This story originally published online at The 9th Street Journal. 

On a Thursday afternoon in Durham, traffic begins to slow on West Main Street as drivers gawk and smile at a cherry red Vespa. Pedestrians turn and pull out their phones to take a photo of the odd spectacle in front of them. They need a picture because otherwise their friends may not believe them. 

This is what they see: A man and a dog riding a scooter. 

The man has Ray-Bans and a thick brown beard. The dog, strapped to the man in a K9 backpack, is a brown and white collie wearing bright red goggles and a colorful tulle collar with sequined stars. 

As they ride, the man stays focused on the road ahead, but the dog, Miss Betty White, seems very aware of the paparazzi. Her tail wags under the nylon pack that secures her to the man’s back. She turns and tilts her head slightly, striking a pose. 

In a year of turmoil and doubt, the sight of a man and a collie on a Vespa evokes a momentary burst of joy. For David Cunningham and his 14-month-old dog, it is just another ride. 

Cunningham, a 43-year-old bartender, grew up in Ohio surrounded by dogs. They were just some of the many beings running around the house with him and his six siblings. Since moving to Durham almost 20 years ago, he had always wanted a dog of his own, but never had the time. That changed when COVID-19 hit. Suddenly, West End Billiards, the bar where he works, closed, and Cunningham found himself alone with little to do. He found Miss Betty White in a kennel in Lexington, N.C. 

A registered emotional support dog, Miss Betty, as he calls her, lifted him out of his quarantine blues. Since then, Cunningham’s buddies have told him he’s become a calmer, friendlier guy. 

“She’s the best thing to happen in 2020. She doesn’t have a mean bone in her body.” He then adds, “But if she did, she would gnaw on it.”

A peek in her closet

Off the scooter, they spend their evenings together, often dining at outdoor restaurants, or just watching The Call of the Wild on Cunningham’s couch. 

Along with her diet kibble, Miss Betty gets a steak dinner once a week and a daily dog-friendly ‘pupcake’ or donut. Every Tuesday night the pair hits a local restaurant for date night. While Cunningham orders off the menu, Miss Betty snacks on a dairy-free peanut butter cup from her favorite dog bakery, Oliver’s Collar. 

“She likes Reese’s just like her dad,” Cunningham says.

She earned her name because of her distinctive fur and as a tribute to the legendary actress: “With her big ole white mane like that, I was like, it’s gotta be Betty White. But there’s only one Betty White, so I insist people call her Miss Betty White.”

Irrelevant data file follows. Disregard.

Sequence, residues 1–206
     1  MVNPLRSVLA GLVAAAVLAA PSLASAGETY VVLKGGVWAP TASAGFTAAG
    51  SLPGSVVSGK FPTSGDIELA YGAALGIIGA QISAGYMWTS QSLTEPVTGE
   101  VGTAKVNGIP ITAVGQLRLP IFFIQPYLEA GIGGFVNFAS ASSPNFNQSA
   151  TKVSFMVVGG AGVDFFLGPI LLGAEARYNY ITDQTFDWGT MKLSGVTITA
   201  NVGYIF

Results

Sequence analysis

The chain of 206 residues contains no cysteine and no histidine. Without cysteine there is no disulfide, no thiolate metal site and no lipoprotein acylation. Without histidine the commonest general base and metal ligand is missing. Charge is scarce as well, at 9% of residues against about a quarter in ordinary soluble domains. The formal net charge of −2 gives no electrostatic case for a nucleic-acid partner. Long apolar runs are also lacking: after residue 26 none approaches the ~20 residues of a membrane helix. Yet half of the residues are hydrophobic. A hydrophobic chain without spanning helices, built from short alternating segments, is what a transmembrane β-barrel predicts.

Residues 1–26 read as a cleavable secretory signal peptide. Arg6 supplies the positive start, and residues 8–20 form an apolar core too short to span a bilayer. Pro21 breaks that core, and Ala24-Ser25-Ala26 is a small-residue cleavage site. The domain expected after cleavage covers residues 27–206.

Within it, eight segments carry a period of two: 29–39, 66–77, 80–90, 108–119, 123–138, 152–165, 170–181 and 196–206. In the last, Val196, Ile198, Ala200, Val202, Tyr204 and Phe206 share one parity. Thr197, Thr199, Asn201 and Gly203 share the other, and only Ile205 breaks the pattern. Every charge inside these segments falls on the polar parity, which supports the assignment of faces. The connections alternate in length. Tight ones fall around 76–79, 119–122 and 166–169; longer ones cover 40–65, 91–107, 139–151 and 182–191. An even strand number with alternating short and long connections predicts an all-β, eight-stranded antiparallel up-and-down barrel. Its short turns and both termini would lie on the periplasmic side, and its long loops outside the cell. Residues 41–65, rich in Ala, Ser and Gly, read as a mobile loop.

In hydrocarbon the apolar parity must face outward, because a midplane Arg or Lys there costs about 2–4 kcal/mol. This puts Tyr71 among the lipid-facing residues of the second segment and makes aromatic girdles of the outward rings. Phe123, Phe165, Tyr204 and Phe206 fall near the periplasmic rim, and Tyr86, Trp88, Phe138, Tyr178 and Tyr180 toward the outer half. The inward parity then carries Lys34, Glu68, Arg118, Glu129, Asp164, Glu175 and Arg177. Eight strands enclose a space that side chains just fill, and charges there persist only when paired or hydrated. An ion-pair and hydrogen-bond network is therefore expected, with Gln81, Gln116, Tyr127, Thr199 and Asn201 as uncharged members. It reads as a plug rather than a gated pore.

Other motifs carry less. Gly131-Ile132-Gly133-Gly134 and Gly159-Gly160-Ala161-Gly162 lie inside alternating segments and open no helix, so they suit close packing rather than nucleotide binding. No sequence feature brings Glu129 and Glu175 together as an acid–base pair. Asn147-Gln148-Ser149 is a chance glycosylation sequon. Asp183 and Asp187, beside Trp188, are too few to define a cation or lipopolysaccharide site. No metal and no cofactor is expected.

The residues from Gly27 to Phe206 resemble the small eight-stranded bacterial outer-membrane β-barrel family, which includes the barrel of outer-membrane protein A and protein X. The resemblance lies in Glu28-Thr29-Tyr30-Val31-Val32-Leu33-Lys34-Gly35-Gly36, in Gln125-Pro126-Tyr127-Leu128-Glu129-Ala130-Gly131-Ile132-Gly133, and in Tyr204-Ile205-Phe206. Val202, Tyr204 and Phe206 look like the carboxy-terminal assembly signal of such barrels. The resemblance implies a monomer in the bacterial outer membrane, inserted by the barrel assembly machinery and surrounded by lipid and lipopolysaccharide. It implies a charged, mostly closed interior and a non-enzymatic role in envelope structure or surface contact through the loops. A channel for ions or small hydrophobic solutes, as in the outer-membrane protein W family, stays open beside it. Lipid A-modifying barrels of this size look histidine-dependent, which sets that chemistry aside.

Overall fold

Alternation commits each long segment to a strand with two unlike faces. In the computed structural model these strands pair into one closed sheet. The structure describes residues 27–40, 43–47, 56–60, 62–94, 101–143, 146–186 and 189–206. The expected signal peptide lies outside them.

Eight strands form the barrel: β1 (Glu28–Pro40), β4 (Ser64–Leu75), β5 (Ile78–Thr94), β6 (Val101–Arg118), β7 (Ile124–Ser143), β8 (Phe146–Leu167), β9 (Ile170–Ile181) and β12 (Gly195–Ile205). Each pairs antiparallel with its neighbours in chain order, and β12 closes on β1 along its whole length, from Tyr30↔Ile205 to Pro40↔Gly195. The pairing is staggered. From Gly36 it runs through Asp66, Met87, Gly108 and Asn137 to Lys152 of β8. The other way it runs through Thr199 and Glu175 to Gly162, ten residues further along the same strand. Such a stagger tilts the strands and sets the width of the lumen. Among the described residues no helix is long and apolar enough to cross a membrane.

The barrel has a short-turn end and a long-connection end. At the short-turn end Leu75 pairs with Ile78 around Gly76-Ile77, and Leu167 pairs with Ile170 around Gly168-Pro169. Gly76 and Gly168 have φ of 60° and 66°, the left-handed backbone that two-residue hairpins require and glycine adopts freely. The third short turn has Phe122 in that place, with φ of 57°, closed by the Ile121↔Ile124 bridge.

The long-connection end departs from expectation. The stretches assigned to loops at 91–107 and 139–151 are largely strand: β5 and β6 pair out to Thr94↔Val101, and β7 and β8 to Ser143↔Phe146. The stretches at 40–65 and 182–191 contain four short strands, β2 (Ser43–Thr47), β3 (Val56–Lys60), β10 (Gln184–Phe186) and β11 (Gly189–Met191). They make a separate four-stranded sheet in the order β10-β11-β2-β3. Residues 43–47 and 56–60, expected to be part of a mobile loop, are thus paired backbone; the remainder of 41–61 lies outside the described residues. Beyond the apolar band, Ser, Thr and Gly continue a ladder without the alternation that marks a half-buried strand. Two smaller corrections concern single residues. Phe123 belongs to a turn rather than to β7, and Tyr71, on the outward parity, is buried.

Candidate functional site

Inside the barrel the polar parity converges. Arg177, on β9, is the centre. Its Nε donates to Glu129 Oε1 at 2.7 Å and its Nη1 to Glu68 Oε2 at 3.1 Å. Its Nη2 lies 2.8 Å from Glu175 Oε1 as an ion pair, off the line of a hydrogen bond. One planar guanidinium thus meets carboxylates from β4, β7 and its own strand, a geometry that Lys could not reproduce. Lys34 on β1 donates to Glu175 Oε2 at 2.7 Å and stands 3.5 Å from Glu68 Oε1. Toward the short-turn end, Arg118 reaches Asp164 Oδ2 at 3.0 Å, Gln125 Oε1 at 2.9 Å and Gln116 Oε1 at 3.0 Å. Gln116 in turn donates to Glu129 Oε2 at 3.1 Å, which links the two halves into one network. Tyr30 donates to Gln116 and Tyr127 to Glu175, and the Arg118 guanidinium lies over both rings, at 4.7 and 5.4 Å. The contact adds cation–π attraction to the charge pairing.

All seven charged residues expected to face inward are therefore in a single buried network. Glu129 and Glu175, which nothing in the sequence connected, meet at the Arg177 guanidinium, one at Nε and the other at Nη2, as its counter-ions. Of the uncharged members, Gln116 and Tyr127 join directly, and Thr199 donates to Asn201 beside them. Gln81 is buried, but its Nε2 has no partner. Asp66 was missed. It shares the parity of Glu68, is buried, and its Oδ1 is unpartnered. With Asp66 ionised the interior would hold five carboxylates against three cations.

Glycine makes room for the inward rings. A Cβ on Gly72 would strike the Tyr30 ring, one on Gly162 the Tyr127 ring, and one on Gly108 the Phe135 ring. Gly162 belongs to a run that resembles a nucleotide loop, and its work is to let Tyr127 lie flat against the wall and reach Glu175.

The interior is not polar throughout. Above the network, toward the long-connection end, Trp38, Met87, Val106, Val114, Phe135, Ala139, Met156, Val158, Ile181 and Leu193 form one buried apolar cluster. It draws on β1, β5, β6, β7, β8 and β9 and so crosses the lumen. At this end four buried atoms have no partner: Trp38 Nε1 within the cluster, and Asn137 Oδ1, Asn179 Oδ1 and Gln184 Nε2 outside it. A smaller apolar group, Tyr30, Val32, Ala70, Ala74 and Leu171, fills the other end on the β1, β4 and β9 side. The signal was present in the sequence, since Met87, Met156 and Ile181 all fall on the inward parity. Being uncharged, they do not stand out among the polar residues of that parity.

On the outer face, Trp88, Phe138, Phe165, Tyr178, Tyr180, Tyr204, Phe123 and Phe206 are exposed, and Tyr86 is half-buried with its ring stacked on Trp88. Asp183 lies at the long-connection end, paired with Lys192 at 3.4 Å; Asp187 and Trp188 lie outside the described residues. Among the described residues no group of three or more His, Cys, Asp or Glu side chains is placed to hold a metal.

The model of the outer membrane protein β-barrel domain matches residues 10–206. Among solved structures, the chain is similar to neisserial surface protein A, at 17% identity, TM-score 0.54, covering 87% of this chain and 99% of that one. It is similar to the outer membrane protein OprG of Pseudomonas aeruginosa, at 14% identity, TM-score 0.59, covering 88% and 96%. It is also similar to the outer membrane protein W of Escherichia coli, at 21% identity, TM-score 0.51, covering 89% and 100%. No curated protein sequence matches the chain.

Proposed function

True to character, Miss Betty gets dressed up before an outing. A peek into her closet reveals dozens of outfits and accessories, complete with sequins, pom-poms, and ruffles. She has a rainbow tutu, denim overalls, and her “naughty Santa Claus outfit,” named because it is slightly too small and “her booty sticks out,” according to Cunningham.

Though luscious, Miss Betty’s shiny coat comes with a price. It has made vacuuming a crucial part of Cunningham’s daily schedule. That, along with her anti-shedding shampoo, ensures that his couch and cargo pants aren’t completely covered in dog hair.

Cunningham walks Miss Betty at least a half-mile four times a day, they go to the dog park once a week, and on the weekends they take hikes around the Eno, the Duke Forest, or the Al Buehler Trail. Miss Betty also has regular doggy-dates with her best friend Jack-Jack (a “little beagle lookin’ thing”) who lives in the neighborhood.

Miss Betty White’s active lifestyle keeps Cunningham in shape. He says he’s lost weight since he’s gotten her and developed a tan from being outdoors so often.

“Damn I’m beautiful”

She isn’t always as sweet as she looks. When she gets restless, Miss Betty can misbehave. On one such occasion a few months ago, she chewed up the molding around Cunningham’s door. 

He put her in a crate when he left home after that – until his guilt became too strong. Then Cunningham discovered the Furbo, a remotely operated camera that lets you see, talk, and toss treats to your dog when you’re not home. It’s even got an infrared camera so he can see Miss Betty in the dark.

In between customers at the bar, Cunningham will open the app to find Miss Betty White “laying up in the window sill like a cat.” He’ll use the microphone to get her attention, and then shoot a few treats onto the rug for her to find. 

She has become something of a local celebrity. During their scooter rides, drivers often swerve to take photos to post. To Cunningham’s surprise, Miss Betty’s fan club stretches beyond Durham. He said she’s been recognized in Hillsborough, without the scooter.

For fans who want to keep in touch with Miss Betty, she has her own Instagram page. 

One post reads: “I love my human!!! Steak and eggs for breakfast…was not expecting that.”

“Bathed, nails trimmed, and brushed…damn I’m beautiful!!!!!” says another.

Cunningham grins.“I’m that guy. I used to make fun of those guys, but now I am one…I show my dog off like she’s my girlfriend or one of my kids.”

One post of Miss Betty as a puppy sitting in the grass is Cunningham’s favorite. He’s thinking he may get it as a tattoo.

Their scooter rides always end the same way. After parking the Vespa, Cunningham removes his helmet, exposing his bald head. Miss Betty gives him a joyous lick.


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